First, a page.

Returns

VectorArray of the inverse adjoint operator evaluations.

Raises

InversionError
The operator could not be inverted.
as_vector(mu=None)[source]

Return a vector representation of a linear functional or vector operator.

This method may only be called on linear functionals, i.e. linear Operators with NumpyVectorSpace (1) as range, or on operators describing vectors, i.e. linear Operators with NumpyVectorSpace (1) as source.

In the case of a functional, the identity

self.as_vector(mu).dot(U) == self.apply(U, mu)

holds, whereas in the case of a vector-like operator we have

self.as_vector(mu) == self.apply(NumpyVectorArray(1), mu).

Parameters

mu
The Parameter for which to return the vector representation.

Returns

V
VectorArray of length 1 containing the vector representation. V belongs to self.source for functionals and to self.range for vector-like operators.
assemble_lincomb(operators, coefficients, solver_options=None, name=None)[source]

Try to assemble a linear combination of the given operators.

This method is called in the assemble method of LincombOperator on the first of its operator. If an assembly of the given linear combination is possible, e.g. the linear combination of the system matrices of the operators can be formed, then the assembled operator is returned. Otherwise, the method returns None to indicate that assembly is not possible.

Parameters

operators
List of Operators whose linear combination is formed.
coefficients
List of the corresponding linear coefficients.
solver_options
solver_options for the assembled operator.
name
Name of the assembled operator.

Returns

The assembled Operator if assembly is possible, otherwise None.

restricted(dofs)[source]

Restrict the operator range to a given set of degrees of freedom.

This method returns a restricted version restricted_op of the operator along with an array source_dofs such that for any VectorArray U in self.source the following is true:

self.apply(U, mu).components(dofs)
    == restricted_op.apply(NumpyVectorArray(U.components(source_dofs)), mu))

Such an operator is mainly useful for empirical interpolation where the evaluation of the original operator only needs to be known for few selected degrees of freedom. If the operator has a small stencil, only few source_dofs will be needed to evaluate the restricted operator which can make its evaluation very fast compared to evaluating the original operator.

Parameters

dofs
One-dimensional NumPy array of degrees of freedom in the operator range to which to restrict.

Returns

restricted_op
The restricted operator as defined above. The operator will have NumpyVectorSpace (len(source_dofs)) as source and NumpyVectorSpace (len(dofs)) as range.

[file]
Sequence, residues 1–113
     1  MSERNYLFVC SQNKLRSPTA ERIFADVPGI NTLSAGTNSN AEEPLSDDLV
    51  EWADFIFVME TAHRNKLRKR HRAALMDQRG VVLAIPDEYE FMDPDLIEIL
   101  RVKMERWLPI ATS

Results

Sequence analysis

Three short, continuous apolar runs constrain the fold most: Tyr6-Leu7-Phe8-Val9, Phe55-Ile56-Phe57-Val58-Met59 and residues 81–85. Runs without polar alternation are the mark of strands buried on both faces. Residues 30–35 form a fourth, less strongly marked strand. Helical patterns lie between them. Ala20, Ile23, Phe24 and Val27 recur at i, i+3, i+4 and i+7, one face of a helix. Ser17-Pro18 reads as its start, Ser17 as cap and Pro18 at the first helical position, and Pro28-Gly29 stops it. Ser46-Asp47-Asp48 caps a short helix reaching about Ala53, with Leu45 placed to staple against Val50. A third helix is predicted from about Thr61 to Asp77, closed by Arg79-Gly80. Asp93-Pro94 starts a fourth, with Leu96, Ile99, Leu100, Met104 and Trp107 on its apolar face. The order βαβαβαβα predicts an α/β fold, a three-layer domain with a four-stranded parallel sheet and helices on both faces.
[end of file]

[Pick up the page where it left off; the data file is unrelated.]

source_dofs
One-dimensional NumPy array of source degrees of freedom as defined above.

class pymor.operators.constructions.VectorFunctional(vector, product=None, name=None)[source]

Bases: pymor.operators.constructions.VectorArrayOperator

Wrap a vector as a linear Functional.

Given a vector v of dimension d, this class represents the functional

f: R^d ----> R^1
    u  |---> (u, v)

where ( , ) denotes the inner product given by product.

In particular, if product is None

VectorFunctional(vector).as_vector() == vector.

If product is not none, we obtain

VectorFunctional(vector).as_vector() == product.apply(vector).

Parameters

vector
VectorArray of length 1 containing the vector v.
product
Operator representing the scalar product to use.
name
Name of the operator.

class pymor.operators.constructions.VectorOperator(vector, name=None)[source]

Bases: pymor.operators.constructions.VectorArrayOperator

Wrap a vector as a vector-like Operator.

Given a vector v of dimension d, this class represents the operator

op: R^1 ----> R^d
     x  |---> x⋅v

In particular:

VectorOperator(vector).as_vector() == vector

Parameters

vector
VectorArray of length 1 containing the vector v.
name
Name of the operator.

class pymor.operators.constructions.ZeroOperator(source, range, name=None)[source]

Bases: pymor.operators.basic.OperatorBase

The Operator which maps every vector to zero.

Parameters

source
Source VectorSpace of the operator.
range
Range VectorSpace of the operator.
name
Name of the operator.
apply(U, ind=None, mu=None)[source]

Apply the operator to a VectorArray.

Parameters

U
VectorArray of vectors to which the operator is applied.
ind
The indices of the vectors in U to which the operator shall be applied (see the VectorArray documentation for further details).
mu
The Parameter for which to evaluate the operator.

Returns

VectorArray of the operator evaluations.

apply_inverse(V, ind=None, mu=None, least_squares=False)[source]

Apply the inverse operator.

Parameters

V
VectorArray of vectors to which the inverse operator is applied.
ind
The indices of the vectors in V to which the inverse operator shall be applied (see VectorArray documentation for further details).
mu
The Parameter for which to evaluate the inverse operator.
least_squares

If True, solve the least squares problem:

u = argmin ||op(u) - v||_2.

Since for an invertible operator the least squares solution agrees with the result of the application of the inverse operator, setting this option should, in general, have no effect on the result for those operators. However, note that when no appropriate solver_options are set for the operator, most implementations will choose a least squares solver by default which may be undesirable.

Returns

VectorArray of the inverse operator evaluations.